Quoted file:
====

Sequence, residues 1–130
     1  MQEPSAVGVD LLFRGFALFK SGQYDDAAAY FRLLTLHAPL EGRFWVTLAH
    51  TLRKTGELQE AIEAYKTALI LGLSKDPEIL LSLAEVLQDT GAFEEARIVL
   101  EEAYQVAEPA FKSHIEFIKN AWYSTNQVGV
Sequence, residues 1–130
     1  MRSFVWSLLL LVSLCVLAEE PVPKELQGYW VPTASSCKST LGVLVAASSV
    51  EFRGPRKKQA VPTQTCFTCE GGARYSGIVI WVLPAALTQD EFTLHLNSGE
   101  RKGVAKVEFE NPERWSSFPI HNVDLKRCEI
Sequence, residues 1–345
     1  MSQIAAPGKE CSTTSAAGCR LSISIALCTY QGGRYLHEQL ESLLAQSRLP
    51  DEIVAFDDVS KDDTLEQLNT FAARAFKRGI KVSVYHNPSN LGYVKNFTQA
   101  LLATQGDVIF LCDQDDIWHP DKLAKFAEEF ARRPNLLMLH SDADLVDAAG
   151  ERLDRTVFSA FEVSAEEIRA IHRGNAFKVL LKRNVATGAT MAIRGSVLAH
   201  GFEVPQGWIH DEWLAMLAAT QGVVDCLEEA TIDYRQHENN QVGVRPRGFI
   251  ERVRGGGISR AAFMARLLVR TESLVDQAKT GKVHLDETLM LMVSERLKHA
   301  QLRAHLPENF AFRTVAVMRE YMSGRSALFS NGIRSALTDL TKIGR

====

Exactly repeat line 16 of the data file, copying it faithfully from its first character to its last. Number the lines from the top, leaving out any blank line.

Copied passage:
   301  QLRAHLPENF AFRTVAVMRE YMSGRSALFS NGIRSALTDL TKIGR